Ready for a really obvious statement? “Happy accidents are more likely to occur if you take more images with your iPhone”. Wise words eh!
I think there’s more to it than that though.
There is a well known quote and one that sticks with me in all that I do. There are various versions and attributions so let’s just agree that I was the first to say it…
The more I practice, the luckier I get.
That’s all fine and dandy for those happy accidents I get lucky with at capture but what about generating a few iPhoneography happy accidents in post processing? What about all those bland images I’ve cast aside but not got around to deleting and still litter my camera roll? I think some of those are ideal fodder for iphoneography happy accidents in post processing.
I have used the phrase happy accident in a few articles. For example in my article on mextures I say…
I really enjoy messing around with the same or similar versions of an image – sometimes interesting happy accidents occur, especially when looking at the ‘exclusion’ and ‘difference’ blend methods in the region of 50pct transparency.
The ultimate post processing happy accident though is complete randomisation of all elements. Most of my workflows are all about control. Actually the process of taking screen grabs or making notes to record my processes can be restrictive. Randomisation for me is a wonderful release. It feels like a pressure valve venting tension and frustration.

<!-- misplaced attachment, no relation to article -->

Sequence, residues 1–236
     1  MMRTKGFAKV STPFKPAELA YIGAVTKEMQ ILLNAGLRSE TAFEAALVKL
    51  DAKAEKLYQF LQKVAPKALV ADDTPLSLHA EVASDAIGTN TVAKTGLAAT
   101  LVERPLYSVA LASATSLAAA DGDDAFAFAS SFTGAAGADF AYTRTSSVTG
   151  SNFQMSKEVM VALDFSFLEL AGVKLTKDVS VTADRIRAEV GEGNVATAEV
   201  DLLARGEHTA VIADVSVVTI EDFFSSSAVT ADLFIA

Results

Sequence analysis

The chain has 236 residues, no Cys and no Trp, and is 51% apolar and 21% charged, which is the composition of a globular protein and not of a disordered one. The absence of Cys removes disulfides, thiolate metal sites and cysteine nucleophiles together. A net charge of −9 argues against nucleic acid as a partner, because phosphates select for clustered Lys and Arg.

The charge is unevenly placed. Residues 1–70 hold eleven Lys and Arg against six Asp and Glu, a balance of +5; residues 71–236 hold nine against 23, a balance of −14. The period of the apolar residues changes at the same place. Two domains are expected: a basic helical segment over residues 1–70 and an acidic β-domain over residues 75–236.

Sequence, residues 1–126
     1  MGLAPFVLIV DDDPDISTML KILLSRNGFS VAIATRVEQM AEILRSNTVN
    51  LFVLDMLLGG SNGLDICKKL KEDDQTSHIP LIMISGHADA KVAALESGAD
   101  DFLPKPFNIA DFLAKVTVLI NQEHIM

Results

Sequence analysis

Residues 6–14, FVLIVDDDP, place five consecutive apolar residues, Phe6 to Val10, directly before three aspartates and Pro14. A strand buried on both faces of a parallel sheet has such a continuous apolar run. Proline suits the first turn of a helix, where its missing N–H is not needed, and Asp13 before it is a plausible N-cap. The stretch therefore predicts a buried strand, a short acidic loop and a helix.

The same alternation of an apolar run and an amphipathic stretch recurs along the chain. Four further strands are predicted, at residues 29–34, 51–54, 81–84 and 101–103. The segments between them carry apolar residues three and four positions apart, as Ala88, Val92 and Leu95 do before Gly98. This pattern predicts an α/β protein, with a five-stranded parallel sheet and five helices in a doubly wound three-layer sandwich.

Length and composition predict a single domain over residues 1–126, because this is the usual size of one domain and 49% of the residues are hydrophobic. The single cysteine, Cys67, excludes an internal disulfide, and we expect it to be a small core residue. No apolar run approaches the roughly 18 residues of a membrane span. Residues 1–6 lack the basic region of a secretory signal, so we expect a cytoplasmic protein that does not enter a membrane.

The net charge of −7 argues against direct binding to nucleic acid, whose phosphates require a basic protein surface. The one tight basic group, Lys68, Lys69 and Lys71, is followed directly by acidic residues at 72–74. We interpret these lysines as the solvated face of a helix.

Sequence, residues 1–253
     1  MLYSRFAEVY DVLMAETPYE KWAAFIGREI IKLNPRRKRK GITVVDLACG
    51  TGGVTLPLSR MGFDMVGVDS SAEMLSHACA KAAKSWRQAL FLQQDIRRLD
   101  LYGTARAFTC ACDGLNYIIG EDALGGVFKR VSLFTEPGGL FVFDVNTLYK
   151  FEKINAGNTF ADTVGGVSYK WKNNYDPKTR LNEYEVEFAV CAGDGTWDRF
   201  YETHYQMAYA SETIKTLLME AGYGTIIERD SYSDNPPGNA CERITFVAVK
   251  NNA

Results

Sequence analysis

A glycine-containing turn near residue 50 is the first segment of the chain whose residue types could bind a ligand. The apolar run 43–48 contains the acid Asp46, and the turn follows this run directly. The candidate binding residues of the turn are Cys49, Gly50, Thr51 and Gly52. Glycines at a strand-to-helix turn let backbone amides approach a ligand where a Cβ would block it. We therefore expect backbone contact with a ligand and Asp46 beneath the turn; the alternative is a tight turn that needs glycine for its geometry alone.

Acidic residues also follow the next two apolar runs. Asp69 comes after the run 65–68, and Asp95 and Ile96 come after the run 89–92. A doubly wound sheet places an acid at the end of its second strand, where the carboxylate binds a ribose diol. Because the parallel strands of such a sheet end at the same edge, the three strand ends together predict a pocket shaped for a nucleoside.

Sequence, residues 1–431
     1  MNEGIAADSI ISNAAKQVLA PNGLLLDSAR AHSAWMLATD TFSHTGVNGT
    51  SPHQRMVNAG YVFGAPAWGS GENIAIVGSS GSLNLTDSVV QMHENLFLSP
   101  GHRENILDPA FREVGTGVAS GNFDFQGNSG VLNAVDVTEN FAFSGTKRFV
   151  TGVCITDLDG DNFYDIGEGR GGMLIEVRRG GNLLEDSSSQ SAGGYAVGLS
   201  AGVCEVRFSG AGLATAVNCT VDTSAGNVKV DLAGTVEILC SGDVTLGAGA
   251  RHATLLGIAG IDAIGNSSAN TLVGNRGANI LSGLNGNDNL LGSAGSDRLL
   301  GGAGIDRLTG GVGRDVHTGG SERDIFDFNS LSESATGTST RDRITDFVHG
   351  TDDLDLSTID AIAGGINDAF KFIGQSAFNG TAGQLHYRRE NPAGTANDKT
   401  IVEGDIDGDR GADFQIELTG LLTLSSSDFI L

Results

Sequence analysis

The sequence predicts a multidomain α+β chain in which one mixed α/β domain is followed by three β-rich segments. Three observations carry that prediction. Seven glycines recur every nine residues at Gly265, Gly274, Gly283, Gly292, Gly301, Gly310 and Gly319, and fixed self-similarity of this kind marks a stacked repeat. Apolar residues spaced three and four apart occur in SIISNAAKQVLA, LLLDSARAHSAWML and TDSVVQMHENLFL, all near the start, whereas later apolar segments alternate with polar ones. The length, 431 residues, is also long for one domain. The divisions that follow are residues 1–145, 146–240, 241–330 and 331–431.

Process and apps used
This article by definition isn’t a workflow. The word ‘work’ should not be anywhere near it. The iPhone photography app involved is Diana. It’s not a complicated app and unfortunately at the time of writing it only generates images at a low resolution. However, because of its impact on my well-being I forgive it that shortcoming.
Diana can be used to capture double exposures directly but I prefer to use her for those happy accidents from my camera roll. You can do this either totally manually or totally randomly with various levels of control inbetween. For example you can:
Either shake the iPhone or tap the dice to allow Diana to randomly import 2 images from your camera roll and select a random blend effect. The result is a totally random image. It may be a happy accident or a sad accident. That is an individual aesthetic decision.
Having generated a random starting result, it may show promise but not feel quite right. You can therefore swap the first exposure with the second exposure to test how that impacts the result. The impact will vary depending on the blend effect.
Possibly the images selected feel good but the blend effect doesn’t quite do it for you. You can therefore swipe through the blend effects and see how each effect alters the image. There are some wildly different results.
You may like one of the images randomly selected but not the other. You can tap and hold the exposure you like to lock it and hit the dice again to allow Diana to randomly select another exposure and blend effect.
At the totally manual end of the process you can select each image and the blend effect with no levels of randomness involved. Even the opacity of each exposure can be controlled by sliding scale giving a maximum level of control
Some more examples
Get the iPhoneography apps mentioned in this article
Apps used in this article:
Diana Photo at the app store
I hope you enjoyed my iPhone photography thoughts on letting go once in a while and releasing that iPhoneography pressure valve. Thank you for reading and thank you Diana for being there when I need you. I hope to see you again soon.
If this article was of interest then these articles may also prove helpful.